Team Principal Monisha Kaltenborn thanked Checo for his time at Sauber “Our thanks also go to Sergio Pérez, who has claimed three podiums for the team so far and now has the opportunity at McLaren-Mercedes to display his immense talent with one of the most successful teams in Formula One history. We would also like to wish Sergio all the best and every success for the future.”
Watch this video where Checo thanks his fans at the conclusion of a successful season.
Rich in culture, history and attractions, Veracruz was an obvious filming choice for Hidden Moon.
Veracruz is Mexico’s oldest, largest and historically most significant port since European colonization. It has always acted as a main gate for Mexico, accepting many sea travelers and products since the 16th century. Hernan Cortes first landed in Mexico only 20 km northwest from Veracruz. Because Veracruz is the oldest standing city settled by Europeans, it is overflowing with historical sites. Visitors tour the San Juan de Ulua Castle, the last fortress of the Spanish Empire that was later used as a prison during Porfirio Diaz’s government.
Veracruz is home to a blend of cultures from the indigenous Mexican, Spanish and Afro-Cuban. The mixture is showcased in the city’s food and music, which carries strong Spanish, Caribbean and African influences. The traditional vericruzana music is called “Son Jarocho,” which is the perfect example of the city’s blended cultures.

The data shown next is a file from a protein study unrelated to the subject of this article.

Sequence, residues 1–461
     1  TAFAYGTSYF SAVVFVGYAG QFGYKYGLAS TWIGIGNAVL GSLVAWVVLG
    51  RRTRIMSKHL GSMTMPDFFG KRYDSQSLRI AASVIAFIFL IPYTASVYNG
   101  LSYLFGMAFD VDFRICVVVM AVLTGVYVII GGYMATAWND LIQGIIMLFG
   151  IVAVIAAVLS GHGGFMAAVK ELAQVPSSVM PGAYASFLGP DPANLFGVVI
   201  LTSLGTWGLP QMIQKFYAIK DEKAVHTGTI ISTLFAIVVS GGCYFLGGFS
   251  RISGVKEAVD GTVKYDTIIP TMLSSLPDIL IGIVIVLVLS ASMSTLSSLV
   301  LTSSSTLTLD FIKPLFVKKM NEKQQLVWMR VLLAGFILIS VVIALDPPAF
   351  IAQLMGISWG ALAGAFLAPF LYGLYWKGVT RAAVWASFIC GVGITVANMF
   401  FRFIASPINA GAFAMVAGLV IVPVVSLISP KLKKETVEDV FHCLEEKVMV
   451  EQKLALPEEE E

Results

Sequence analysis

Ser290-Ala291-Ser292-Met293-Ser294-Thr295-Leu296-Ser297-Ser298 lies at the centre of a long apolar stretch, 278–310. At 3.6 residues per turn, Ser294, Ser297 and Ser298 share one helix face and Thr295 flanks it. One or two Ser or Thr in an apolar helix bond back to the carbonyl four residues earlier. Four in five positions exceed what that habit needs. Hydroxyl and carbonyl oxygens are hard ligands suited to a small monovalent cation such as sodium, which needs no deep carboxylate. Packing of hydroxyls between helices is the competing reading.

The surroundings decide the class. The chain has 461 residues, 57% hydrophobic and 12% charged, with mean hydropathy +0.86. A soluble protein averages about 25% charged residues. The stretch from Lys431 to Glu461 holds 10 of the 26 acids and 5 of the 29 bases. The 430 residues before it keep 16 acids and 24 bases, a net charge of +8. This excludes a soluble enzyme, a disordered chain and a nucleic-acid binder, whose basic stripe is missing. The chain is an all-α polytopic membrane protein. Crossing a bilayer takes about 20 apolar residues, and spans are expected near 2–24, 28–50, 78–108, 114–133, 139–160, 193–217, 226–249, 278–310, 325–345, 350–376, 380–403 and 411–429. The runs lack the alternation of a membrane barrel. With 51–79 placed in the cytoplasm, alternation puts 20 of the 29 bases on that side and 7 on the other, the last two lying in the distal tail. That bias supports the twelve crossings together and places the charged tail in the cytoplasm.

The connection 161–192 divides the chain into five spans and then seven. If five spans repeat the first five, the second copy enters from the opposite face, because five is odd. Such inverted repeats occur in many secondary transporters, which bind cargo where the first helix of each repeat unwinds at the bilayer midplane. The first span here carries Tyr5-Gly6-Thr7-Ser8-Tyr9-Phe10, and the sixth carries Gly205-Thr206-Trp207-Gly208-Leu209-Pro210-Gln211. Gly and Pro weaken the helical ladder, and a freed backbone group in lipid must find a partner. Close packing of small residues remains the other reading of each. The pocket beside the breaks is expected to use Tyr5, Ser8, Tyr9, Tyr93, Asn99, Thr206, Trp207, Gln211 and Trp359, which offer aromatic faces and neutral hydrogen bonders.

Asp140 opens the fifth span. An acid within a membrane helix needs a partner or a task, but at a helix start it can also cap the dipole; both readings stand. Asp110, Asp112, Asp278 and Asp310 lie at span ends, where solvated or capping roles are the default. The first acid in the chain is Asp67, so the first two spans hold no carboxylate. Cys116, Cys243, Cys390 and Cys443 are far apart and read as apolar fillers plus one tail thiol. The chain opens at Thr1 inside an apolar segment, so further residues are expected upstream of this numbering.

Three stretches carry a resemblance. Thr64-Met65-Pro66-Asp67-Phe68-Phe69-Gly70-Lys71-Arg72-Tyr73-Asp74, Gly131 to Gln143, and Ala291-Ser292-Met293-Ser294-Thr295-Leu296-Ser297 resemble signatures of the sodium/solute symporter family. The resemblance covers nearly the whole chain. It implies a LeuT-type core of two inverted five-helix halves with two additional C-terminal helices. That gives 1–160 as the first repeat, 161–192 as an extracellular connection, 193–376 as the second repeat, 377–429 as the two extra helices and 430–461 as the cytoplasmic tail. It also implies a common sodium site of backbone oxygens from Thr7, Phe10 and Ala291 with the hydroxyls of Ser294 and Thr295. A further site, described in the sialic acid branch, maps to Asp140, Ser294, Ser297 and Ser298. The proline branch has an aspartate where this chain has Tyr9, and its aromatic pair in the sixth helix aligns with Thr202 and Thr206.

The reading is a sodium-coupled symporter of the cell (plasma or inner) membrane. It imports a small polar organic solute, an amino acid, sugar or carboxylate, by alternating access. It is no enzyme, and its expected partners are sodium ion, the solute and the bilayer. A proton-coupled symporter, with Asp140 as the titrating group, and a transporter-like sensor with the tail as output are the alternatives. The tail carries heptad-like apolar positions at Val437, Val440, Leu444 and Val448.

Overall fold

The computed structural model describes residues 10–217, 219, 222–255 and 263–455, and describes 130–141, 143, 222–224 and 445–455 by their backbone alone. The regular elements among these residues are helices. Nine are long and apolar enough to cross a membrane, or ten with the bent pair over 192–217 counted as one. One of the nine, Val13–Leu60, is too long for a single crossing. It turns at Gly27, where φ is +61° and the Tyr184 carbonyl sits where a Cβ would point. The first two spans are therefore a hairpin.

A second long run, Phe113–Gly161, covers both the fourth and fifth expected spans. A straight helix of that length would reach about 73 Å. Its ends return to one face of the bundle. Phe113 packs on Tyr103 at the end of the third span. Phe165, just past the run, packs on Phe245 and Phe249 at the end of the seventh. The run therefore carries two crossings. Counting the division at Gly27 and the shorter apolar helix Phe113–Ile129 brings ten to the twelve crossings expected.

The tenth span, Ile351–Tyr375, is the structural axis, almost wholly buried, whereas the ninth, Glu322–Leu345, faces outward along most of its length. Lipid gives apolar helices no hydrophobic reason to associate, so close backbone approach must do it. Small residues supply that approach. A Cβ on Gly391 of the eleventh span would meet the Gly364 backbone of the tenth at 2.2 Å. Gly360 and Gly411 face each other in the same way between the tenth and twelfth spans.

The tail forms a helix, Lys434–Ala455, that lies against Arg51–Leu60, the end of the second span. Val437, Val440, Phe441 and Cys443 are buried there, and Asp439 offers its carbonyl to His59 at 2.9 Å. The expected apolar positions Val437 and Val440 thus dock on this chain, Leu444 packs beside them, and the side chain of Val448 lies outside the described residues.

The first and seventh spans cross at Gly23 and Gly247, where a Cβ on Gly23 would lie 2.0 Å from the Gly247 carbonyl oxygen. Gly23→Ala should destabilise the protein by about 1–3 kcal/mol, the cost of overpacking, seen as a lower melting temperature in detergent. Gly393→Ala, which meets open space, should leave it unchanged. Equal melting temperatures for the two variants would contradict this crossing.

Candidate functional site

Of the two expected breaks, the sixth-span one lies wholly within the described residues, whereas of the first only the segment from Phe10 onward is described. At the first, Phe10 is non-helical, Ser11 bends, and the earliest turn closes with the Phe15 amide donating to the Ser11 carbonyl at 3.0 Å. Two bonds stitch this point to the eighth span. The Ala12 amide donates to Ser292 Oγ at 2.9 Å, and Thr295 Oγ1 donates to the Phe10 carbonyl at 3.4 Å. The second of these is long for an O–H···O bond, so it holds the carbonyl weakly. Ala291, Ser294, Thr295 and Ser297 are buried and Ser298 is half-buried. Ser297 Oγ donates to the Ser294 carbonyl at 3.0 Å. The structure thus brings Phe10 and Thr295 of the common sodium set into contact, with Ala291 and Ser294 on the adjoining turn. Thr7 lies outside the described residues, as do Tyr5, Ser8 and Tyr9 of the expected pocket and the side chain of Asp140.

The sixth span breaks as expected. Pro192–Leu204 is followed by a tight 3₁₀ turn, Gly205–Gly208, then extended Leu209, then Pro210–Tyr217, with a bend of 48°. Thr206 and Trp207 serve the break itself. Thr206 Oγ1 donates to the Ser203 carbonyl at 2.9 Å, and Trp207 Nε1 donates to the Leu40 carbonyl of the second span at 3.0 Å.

The downtown harbor plazas are teeming with life. The city rarely sleeps, with most of the locals listening to music in the squares late into the night, only to wake up in the early morning to sip coffee at sidewalk cafes. Music and dancing bring light to the city once the sun goes down, and the bustle of everyday activity springs back to life in the morning. Coffeehouses are a social center, the most famous being the Gran Café del Portal and the Café de la Parroquia.
Every year since 1866, the Veracruz Carnaval is celebrated. Veracruz’s Carnaval is the largest in Mexico. It is based in the historic center of the city, and focuses on the Carnaval Parade of Veracruz. The event begins with the “Burning of Bad Humor” and ends with the “Burial of Juan Carnaval.”
http://mexicotoday.org The 11th edition of the International Balloon Festival was held in Leon, Guanajuato. With approximately 200 hot air balloons from 14 countries, this spectacular event was a must-see. Considered to be Latin America's largest event of its kind, over 350,000 visitors from the Americas and Europe… came out to see the extraordinary hot air balloons.